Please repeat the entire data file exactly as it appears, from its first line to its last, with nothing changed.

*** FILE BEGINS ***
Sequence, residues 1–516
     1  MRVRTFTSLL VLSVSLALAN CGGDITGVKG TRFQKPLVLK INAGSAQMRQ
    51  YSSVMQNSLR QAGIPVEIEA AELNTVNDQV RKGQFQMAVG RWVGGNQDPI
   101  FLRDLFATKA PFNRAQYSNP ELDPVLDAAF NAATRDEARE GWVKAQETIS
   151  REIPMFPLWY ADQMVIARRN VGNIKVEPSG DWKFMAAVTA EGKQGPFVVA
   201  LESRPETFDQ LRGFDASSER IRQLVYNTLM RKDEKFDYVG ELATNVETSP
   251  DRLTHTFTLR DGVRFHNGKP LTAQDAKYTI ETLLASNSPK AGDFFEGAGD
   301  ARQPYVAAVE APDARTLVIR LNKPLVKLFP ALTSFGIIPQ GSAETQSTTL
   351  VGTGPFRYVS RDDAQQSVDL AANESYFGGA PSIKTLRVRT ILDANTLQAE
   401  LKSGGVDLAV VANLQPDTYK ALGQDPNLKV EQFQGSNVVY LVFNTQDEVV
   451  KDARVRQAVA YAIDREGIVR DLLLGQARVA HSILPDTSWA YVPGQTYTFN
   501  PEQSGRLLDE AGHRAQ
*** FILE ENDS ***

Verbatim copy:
Sequence, residues 1–516
     1  MRVRTFTSLL VLSVSLALAN CGGDITGVKG TRFQKPLVLK INAGSAQMRQ
    51  YSSVMQNSLR QAGIPVEIEA AELNTVNDQV RKGQFQMAVG RWVGGNQDPI
   101  FLRDLFATKA PFNRAQYSNP ELDPVLDAAF NAATRDEARE GWVKAQETIS
   151  REIPMFPLWY ADQMVIARRN VGNIKVEPSG DWKFMAAVTA EGKQGPFVVA
   201  LESRPETFDQ LRGFDASSER IRQLVYNTLM RKDEKFDYVG ELATNVETSP
   251  DRLTHTFTLR DGVRFHNGKP LTAQDAKYTI ETLLASNSPK AGDFFEGAGD
   301  ARQPYVAAVE APDARTLVIR LNKPLVKLFP ALTSFGIIPQ GSAETQSTTL
   351  VGTGPFRYVS RDDAQQSVDL AANESYFGGA PSIKTLRVRT ILDANTLQAE
   401  LKSGGVDLAV VANLQPDTYK ALGQDPNLKV EQFQGSNVVY LVFNTQDEVV
   451  KDARVRQAVA YAIDREGIVR DLLLGQARVA HSILPDTSWA YVPGQTYTFN
   501  PEQSGRLLDE AGHRAQ